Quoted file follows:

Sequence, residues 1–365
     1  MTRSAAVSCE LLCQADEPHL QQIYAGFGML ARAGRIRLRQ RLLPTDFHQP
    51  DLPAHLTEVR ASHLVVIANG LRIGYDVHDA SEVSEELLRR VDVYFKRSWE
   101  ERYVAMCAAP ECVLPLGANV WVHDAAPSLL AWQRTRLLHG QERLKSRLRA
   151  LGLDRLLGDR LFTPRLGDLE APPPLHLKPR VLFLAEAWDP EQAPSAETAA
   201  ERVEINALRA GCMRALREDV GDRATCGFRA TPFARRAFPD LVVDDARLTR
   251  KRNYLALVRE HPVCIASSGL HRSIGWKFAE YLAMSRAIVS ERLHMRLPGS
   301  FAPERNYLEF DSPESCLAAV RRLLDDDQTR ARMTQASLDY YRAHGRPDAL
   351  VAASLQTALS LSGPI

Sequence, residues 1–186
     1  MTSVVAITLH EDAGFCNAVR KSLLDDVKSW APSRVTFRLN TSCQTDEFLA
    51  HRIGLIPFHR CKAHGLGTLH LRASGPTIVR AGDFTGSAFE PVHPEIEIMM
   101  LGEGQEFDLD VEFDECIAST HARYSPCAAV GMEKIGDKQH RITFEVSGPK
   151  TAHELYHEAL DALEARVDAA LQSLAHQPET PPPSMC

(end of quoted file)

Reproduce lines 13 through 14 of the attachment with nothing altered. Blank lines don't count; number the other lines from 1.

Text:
   101  LGEGQEFDLD VEFDECIAST HARYSPCAAV GMEKIGDKQH RITFEVSGPK
   151  TAHELYHEAL DALEARVDAA LQSLAHQPET PPPSMC